Appleton's Cyclopedia of American Biography, edited by James
Grant Wilson, John Fiske and Stanley L. Klos. Six volumes, New York: D. Appleton
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DYER, Eliphalet, jurist, born in Windham, Connecticut, 28 September 1721 ; died there, 13 May 1807 he was graduated at Yale in 1740, studied law, and was admitted to practice in 1746 after which he was town clerk and justice of the peace in Windham. He was many times member of the legislature between 1747 and 1762, and was the original promoter of the project to establish a Connecticut colony in the valley of the Susquehanna. In 1753 he was a member of the committee to purchase the title to the land selected for the proposed colony at Wyoming, and in 1755 was agent to petition the general assembly in its behalf. The French and Indian wars interrupted the plan, and in August 1755, Mr. Dyer was lieutenant colonel of a regiment sent to reduce Crown Point. He was colonel of a regiment sent against Canada in 1758, and in 1762'84 was annually elected an assistant.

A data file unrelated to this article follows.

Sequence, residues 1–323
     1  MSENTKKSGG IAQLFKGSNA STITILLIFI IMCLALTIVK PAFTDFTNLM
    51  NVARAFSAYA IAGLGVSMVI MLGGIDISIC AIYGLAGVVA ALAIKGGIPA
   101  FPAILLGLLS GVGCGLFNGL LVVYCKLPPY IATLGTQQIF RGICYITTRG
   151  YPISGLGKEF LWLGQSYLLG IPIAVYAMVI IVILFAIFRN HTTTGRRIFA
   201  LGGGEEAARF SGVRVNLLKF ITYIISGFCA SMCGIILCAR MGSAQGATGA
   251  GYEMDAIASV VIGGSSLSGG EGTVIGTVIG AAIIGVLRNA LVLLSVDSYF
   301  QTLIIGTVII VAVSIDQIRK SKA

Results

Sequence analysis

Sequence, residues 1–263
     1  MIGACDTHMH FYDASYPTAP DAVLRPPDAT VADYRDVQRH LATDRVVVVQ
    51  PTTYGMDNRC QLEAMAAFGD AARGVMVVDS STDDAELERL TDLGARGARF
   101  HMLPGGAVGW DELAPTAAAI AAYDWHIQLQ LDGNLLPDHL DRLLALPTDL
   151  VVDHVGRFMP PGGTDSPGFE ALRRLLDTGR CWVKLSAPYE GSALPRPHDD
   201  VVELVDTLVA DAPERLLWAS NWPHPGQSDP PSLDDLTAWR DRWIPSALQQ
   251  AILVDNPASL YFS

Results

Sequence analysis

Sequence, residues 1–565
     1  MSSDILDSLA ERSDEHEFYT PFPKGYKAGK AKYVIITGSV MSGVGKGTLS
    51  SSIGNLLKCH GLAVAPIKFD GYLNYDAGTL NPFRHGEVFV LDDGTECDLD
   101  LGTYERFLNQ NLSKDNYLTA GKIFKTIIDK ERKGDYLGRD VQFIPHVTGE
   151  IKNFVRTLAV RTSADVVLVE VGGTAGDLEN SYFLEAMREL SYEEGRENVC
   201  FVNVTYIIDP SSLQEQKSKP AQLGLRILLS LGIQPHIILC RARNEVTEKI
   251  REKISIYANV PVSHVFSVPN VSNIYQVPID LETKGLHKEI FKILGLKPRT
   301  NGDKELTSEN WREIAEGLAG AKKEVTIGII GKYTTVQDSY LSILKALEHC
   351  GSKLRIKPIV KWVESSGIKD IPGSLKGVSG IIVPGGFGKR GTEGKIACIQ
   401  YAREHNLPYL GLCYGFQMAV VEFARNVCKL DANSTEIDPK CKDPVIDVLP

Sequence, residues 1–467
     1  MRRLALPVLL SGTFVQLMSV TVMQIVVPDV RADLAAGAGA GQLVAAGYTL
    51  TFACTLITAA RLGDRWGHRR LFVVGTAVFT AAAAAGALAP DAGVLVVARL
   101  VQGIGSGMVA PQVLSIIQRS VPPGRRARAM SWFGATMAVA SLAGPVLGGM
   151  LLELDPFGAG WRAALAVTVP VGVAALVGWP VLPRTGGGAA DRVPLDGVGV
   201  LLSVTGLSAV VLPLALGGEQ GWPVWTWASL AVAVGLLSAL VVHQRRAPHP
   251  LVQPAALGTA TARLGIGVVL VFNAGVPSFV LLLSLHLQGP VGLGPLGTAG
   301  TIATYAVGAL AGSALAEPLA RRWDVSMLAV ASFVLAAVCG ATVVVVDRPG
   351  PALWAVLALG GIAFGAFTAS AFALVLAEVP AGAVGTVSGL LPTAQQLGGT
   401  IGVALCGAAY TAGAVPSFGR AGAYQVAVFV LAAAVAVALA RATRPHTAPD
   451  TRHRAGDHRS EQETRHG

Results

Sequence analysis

As an active member of the Susquehanna land company, he was sent as their agent,, in 1763, to England, but failed in his effort to obtain confirmation from the crown of the title to the Wyoming region. On his return he became comptroller of the port of New London, and in September 1765, he was the first of the commissioners sent to the stamp act congress from Connecticut. Afterward, with a majority of the Connecticut assistants, he withdrew from the governor's house rather than assist in his taking the oath to carry out the provisions of the act. Colonel Dyer was elected judge of the superior court in 1766, and held that office till 1793, serving during the last four years as chief justice. He was a delegate to the 1st Continental congress in 1744, and was reelected to each succeeding congress, with the exception of those of 1776 and 1779. He became a member of the state committee of safety on its formation in May 1775, and in December 1776, declined an appointment as brigadier general of militia. Yale gave him the degree of D. D. in 1787. John Adams said of him:" Dyer is longwinded and roundabout, obscure and cloudy, very talkative and very tedious, yet an honest, worthy man; means and judges well." He published a pamphlet entitled "Remarks on Dr. Gale's Letter" (Philadelphia, 1769).
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